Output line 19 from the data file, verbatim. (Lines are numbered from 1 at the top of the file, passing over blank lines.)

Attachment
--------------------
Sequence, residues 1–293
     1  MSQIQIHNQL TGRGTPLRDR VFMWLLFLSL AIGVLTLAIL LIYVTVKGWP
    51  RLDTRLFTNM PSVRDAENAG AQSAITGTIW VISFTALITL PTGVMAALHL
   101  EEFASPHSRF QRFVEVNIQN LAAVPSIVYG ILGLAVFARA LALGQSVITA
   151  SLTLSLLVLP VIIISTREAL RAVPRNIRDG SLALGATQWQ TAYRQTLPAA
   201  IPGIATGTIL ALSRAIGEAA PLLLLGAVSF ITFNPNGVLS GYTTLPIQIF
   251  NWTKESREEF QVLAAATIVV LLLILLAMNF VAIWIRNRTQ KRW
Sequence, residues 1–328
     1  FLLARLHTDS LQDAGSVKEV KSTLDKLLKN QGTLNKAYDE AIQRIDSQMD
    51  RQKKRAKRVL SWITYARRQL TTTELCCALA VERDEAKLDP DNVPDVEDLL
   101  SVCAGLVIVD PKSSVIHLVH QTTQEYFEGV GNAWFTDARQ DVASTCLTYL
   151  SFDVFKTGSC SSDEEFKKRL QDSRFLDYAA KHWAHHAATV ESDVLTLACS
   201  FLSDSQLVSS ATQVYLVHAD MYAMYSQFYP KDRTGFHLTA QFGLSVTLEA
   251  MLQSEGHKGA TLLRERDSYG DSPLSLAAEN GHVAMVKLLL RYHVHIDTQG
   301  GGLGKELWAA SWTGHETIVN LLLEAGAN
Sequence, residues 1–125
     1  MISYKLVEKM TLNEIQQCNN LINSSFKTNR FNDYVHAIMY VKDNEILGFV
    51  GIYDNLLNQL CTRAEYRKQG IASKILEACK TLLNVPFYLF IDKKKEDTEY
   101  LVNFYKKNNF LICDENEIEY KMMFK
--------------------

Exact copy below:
   101  LVNFYKKNNF LICDENEIEY KMMFK